The Architecture Billings Index slipped slightly to 50.6 in November, almost unchanged from October's score of 50.8, the American Institute of Architects reported Wednesday. The ABI is an indicator of future construction spending — with a lead time of nine to 12 months — as design services typically lead to new projects.
Within the index, multifamily residential had the highest score at 51.7, followed by mixed-practice at 51.3, commercial/industrial at 50.4 and institutional at 49.5.
November marked the second-consecutive month of increased demand for design services. Any score above 50 signals a bump in billings.
AIA Chief Economist Kermit Baker attributed the stagnant ABI to uncertainty regarding President-elect Donald Trump's infrastructure plans. He said in a release that it is "still too early" to determine how Trump's plan will impact the industry.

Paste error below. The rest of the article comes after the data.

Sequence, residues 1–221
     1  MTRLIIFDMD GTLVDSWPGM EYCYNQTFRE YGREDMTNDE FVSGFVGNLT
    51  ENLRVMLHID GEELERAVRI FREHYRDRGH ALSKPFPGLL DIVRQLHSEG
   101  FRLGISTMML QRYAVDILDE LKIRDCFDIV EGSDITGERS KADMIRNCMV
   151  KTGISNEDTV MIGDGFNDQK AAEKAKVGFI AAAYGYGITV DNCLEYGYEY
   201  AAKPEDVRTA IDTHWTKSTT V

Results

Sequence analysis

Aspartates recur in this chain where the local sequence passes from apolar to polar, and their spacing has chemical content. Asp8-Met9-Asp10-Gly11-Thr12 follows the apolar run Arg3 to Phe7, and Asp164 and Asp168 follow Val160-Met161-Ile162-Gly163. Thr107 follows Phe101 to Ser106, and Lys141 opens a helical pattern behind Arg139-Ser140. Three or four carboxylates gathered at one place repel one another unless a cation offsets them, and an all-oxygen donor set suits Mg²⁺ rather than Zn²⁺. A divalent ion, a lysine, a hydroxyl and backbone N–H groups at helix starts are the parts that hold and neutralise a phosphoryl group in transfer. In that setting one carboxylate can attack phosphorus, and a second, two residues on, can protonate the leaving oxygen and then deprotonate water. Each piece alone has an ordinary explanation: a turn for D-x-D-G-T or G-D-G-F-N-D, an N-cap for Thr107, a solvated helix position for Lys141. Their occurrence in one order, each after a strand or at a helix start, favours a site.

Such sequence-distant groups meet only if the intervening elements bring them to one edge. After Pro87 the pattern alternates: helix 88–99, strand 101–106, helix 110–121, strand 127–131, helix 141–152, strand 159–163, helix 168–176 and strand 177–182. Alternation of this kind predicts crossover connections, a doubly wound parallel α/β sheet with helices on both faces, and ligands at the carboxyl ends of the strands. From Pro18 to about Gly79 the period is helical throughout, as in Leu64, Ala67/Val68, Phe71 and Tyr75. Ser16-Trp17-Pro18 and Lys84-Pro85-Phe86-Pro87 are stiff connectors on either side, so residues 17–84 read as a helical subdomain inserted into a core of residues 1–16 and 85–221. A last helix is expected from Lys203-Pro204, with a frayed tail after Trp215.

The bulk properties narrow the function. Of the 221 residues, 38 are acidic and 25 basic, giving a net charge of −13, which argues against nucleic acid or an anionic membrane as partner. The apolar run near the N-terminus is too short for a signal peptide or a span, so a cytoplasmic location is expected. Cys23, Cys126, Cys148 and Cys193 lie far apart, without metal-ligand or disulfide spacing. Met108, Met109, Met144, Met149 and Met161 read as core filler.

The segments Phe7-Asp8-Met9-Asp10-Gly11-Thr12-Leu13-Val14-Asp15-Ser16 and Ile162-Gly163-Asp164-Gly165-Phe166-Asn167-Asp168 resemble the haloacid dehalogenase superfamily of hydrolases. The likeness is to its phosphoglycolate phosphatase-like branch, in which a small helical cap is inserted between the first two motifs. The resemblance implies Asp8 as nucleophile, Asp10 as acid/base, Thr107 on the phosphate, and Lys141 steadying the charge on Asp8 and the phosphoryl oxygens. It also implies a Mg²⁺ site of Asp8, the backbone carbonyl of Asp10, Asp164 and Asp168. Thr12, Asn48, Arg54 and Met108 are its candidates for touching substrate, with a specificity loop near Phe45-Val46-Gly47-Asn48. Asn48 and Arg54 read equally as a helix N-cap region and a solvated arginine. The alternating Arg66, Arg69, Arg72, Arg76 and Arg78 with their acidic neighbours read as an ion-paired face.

Baker added that "architects will be among the first to see what new construction projects materialize," and he expects the next few months to offer a more clear direction for the future of the industry. Most construction economists expect construction activity to continue growing in 2017, with Dodge Data & Analytics forecasting a 5% increase in starts next year, and ConstructConnect forecasting a 6.8% rise.
The construction industry and its investors have been bullish on Trump's proposed $1 trillion infrastructure plan. His proposal, though light on details so far, involves trading an 82% tax break for private equity investment in revenue-generating infrastructure projects. However, Trump's plan will have to overcome potential obstacles on both sides of the aisle.